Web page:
ATi limits the Overdrive settings to 857MHz core speed and 1179MHz (2.36GHz) memory speed.  While these may not seem like much, our sample was only able to run 100% stable at 855Mhz / 1175MHz.  If we tried to run at the maximum settings provided, we ran into some benchmark crashing.  The core ended up being ramped up just less than 7%, and the memory clocked accordingly with just under a 7% gain.  Real world results shouldn't show much of an improvement.  We're not that excited.  We expected more from this card, and perhaps withan additional power connection, we could squeeze out more performance.  We also have to keep in mind that this is a sample card.  Regular retail cards may be entirely different in terms of overclocking potential.

 

HD 2600 XT Laid Bare:

This next section will just show you closer views of the card and how it's laid out.  We've taken pictures of most of the interesting features of this unit and you can click any of the thumbnails below for a full-sized image.

 RV630XT - Voltage Regulators
RV630XT - Voltage Regulators
RV630XT - Engineering Sample
RV630XT - Engineering Sample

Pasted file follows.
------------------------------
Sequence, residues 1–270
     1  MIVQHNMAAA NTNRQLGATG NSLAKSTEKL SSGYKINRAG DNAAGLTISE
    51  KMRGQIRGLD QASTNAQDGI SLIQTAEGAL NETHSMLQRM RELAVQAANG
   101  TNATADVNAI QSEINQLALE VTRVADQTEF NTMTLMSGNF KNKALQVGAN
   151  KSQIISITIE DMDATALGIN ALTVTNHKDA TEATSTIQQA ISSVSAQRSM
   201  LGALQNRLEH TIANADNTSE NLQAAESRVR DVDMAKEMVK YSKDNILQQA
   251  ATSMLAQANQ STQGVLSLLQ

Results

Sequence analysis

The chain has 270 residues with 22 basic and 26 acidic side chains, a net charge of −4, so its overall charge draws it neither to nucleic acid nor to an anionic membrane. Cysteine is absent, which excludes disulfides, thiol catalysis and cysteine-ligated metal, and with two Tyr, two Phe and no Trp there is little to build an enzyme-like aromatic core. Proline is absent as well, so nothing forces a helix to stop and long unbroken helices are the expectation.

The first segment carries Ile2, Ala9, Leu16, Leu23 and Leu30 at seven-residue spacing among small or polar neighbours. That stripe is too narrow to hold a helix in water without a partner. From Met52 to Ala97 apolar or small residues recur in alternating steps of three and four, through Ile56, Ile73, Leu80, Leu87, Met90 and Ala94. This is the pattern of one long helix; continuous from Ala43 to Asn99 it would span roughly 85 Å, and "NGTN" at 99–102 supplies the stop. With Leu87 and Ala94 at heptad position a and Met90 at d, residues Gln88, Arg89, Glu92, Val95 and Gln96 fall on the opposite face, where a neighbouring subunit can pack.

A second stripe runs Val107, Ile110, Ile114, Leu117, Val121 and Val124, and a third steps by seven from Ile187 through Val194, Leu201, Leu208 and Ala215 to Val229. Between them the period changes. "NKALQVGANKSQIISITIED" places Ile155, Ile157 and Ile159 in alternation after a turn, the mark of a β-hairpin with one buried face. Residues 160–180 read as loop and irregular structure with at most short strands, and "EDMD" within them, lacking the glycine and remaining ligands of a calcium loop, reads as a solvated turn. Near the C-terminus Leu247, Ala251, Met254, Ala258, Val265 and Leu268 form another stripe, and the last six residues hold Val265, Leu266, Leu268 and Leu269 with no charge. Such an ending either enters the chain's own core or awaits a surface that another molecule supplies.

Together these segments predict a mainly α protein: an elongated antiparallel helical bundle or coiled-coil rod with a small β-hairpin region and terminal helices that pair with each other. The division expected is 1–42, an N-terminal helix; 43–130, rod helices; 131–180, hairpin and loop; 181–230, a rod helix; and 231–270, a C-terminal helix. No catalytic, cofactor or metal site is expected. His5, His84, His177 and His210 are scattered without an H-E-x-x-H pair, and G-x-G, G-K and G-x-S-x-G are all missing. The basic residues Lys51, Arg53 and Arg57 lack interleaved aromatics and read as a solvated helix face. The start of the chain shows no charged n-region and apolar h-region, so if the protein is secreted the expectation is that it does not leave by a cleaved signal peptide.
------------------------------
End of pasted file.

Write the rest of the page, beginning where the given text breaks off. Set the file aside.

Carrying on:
RV630XT - Bare Board
RV630XT - Bare Board
     
 RV630XT - Core
RV630XT - Core
 RV630XT - GDDR4
RV630XT - GDDR4
 RV630XT - Dual DVI
RV630XT - Dual DVI

 

On the next page we'll take a look at our system specs and jump into some real benchmarking of the HD 2600 XT from ATI/AMD!


Test System & Info:

We tried to acquire a 8600GT or 8600GTS to compare with the HD 2600 XT for this review, but at the time, our local computer shop had everything sold, and a trip up to our supplier in Calgary revealed very limited stock of these cards due to popular sales.  Unfortunately we have to post up the scores of the RV630XT all by themselves, but we hope to get some mid-range nVidia cards in the future and will compare the results at that time.  For now, our test system is listed below.

  • Intel Core 2 Quad Q6600 - Stock
  • Radeon HD 2600 XT - Stock (800/1100)
    Overclocked - (855/1175)
  • MSI 975X Platinum Motherboard
  • 2GB PC2-8500 Ballistix Tracer at 800MHz 4-4-4-12
  • Windows Vista Ultimate 32-bit
  • Catalyst 7.6 drivers

 

Thanks to the kind folks at AMD, we were able to grab the 7.6 drivers early and complete all of our benchmarks using these latest drivers.

 

Let The Benchmarking Begin!

If you read our preview, you'll notice the 3DMarks are slightly different, and that we've actually manged to run Lost Planet.

As requested by some reader feedback from the preview article, we have managed to do some overclocking (although minor) and post the results alongside the stock clock speeds of this card.  Although the clock speed increase is only 7%, it offers measurable performance increase in some situations.  I say "measurable" with caution, because although it can be measured, it probably isn't noticeable.

 3DMark03
(Click Image to Enlarge)